10 Plain Language Lessons from The Walking Dead

A group of doodles armed with pencils fight zombies, under a banner that says "The Walking Doodle."

The AMC TV series The Walking Dead (in which people try to survive a zombie apocalypse) can certainly be a lesson in zombie preparedness. But did you know it can also teach us about writing for health literacy? Here are 10 lessons in plain language survival.

  1. Stick together. In a post-apocalyptic world, going it alone rarely works out. The same goes for developing original health content. Before you start, find out what else is out there, what works, and what doesn’t. This information can make a big difference, so fight the urge to go rogue.
  2. Get organized. Any group navigating a zombie hellscape knows that organization — Who’s leading? Who’s prepping meals? — is key. And in health communication, well-structured content is a necessity. Put the most important information first, and use bulleted lists, headers, and short sections to present information clearly.
  3. Know the difference between a walker and a biter. In other words, know your audience. What do they call walking corpses with an insatiable taste for human flesh? Lamebrains? Lurkers? Rotters? Be sure to use terms consistently and define them as needed — for example: “Learn to fight zombies (lamebrains).”
  4. Clear the area. Zombie survivalists know better than to get comfortable somewhere without first finding and killing any lurking zombies. What does this mean for you, dear readers? Cut out the fluff! Find and remove unnecessary details, jargon, and technical terms from your health materials.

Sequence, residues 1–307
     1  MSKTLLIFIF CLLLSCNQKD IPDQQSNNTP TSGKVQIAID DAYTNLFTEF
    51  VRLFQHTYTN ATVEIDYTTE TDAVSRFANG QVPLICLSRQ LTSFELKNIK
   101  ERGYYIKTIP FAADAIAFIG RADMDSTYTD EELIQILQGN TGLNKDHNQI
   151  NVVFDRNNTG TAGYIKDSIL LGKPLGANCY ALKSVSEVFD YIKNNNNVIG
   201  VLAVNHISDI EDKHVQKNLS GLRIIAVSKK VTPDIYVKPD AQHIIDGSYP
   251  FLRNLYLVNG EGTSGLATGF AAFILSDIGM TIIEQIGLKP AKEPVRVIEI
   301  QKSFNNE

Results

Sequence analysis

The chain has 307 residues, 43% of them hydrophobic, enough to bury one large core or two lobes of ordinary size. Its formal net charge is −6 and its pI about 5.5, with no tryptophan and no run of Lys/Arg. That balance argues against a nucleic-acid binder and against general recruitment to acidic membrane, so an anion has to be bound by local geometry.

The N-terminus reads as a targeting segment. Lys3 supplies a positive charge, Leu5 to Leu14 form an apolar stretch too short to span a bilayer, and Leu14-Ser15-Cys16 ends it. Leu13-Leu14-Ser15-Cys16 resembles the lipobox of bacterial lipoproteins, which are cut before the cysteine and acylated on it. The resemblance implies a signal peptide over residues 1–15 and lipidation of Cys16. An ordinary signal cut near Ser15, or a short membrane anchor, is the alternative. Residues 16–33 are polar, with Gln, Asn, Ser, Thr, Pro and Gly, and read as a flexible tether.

5. Bury your dead. Kill off clichés, that is. If you’re tempted to use a phrase like “think outside the box,” think again. Bury that cliché and replace it with something more straightforward. Do you mean, “be creative?” Write what you mean.
  6. Be aware of your surroundings. This is pretty obvious when zombies are around — and it’s just as important for writing effective content. What is your audience looking for? What challenges might they face? Remember, context is your friend.
  7. Don’t make noise. Zombies aren’t too smart, but they do know that where there’s noise, there’s food. You can pass the plain language test by being quiet. Use simple, transparent terms and only say what you need to. Complex language could bring an undead horde to your door — or, worse, confuse your readers!
  8. Be active. We’ve said it before, and we’ll say it again: active is better than passive. Any character who has made it through 7 seasons of The Walking Dead has done so by facing dangers head on. And in clear writing, the active voice is essential.
  9. Keep a lookout. Even when you find a safe place to wait out the apocalypse, don’t relax without putting someone on guard duty! No matter how carefully you craft your content, an editor is essential. Don’t skip the second set of eyes.
  10. Be human. After all, what’s the point of surviving in a world of zombies if you’ve lost all connection with people? Whenever possible, write how you speak.

The bottom line: Look no further than The Walking Dead for some excellent lessons for health communicators.


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